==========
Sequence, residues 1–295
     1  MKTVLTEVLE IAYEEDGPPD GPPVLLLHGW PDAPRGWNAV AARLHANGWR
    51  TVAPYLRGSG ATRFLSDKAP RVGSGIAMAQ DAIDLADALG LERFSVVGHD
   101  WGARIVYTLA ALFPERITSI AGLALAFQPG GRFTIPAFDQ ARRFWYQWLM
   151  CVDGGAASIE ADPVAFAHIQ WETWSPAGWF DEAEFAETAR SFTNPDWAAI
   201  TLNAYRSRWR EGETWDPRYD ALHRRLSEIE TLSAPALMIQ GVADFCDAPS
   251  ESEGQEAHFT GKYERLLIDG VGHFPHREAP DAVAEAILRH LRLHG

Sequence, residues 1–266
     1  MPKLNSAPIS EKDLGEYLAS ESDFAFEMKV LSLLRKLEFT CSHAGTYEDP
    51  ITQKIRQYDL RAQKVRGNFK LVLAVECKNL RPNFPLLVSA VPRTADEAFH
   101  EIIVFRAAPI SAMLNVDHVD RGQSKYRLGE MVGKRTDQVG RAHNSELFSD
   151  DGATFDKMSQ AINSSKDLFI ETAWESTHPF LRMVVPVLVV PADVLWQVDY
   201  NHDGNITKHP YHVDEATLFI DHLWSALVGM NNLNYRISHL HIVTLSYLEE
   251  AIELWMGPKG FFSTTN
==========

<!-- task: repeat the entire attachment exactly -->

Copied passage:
Sequence, residues 1–295
     1  MKTVLTEVLE IAYEEDGPPD GPPVLLLHGW PDAPRGWNAV AARLHANGWR
    51  TVAPYLRGSG ATRFLSDKAP RVGSGIAMAQ DAIDLADALG LERFSVVGHD
   101  WGARIVYTLA ALFPERITSI AGLALAFQPG GRFTIPAFDQ ARRFWYQWLM
   151  CVDGGAASIE ADPVAFAHIQ WETWSPAGWF DEAEFAETAR SFTNPDWAAI
   201  TLNAYRSRWR EGETWDPRYD ALHRRLSEIE TLSAPALMIQ GVADFCDAPS
   251  ESEGQEAHFT GKYERLLIDG VGHFPHREAP DAVAEAILRH LRLHG

Sequence, residues 1–266
     1  MPKLNSAPIS EKDLGEYLAS ESDFAFEMKV LSLLRKLEFT CSHAGTYEDP
    51  ITQKIRQYDL RAQKVRGNFK LVLAVECKNL RPNFPLLVSA VPRTADEAFH
   101  EIIVFRAAPI SAMLNVDHVD RGQSKYRLGE MVGKRTDQVG RAHNSELFSD
   151  DGATFDKMSQ AINSSKDLFI ETAWESTHPF LRMVVPVLVV PADVLWQVDY
   201  NHDGNITKHP YHVDEATLFI DHLWSALVGM NNLNYRISHL HIVTLSYLEE
   251  AIELWMGPKG FFSTTN